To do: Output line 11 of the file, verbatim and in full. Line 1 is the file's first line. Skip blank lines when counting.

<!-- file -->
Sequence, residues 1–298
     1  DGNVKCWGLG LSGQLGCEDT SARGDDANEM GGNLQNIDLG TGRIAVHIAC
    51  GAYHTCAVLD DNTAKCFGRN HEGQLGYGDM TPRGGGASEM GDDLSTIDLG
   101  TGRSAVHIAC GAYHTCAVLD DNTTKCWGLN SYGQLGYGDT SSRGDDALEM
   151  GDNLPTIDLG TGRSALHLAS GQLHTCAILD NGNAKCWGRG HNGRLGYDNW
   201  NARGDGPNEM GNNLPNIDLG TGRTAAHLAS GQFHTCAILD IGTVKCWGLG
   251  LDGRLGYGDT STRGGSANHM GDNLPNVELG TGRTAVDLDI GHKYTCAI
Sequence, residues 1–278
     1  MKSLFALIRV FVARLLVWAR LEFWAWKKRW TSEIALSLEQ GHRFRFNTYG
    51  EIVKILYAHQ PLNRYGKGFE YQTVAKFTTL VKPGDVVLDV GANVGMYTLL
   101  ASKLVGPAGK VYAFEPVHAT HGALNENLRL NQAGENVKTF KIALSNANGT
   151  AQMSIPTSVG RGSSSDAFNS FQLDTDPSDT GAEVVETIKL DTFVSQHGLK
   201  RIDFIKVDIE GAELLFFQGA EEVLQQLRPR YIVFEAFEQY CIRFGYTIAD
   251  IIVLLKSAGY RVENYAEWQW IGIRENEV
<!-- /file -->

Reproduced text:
   101  ASKLVGPAGK VYAFEPVHAT HGALNENLRL NQAGENVKTF KIALSNANGT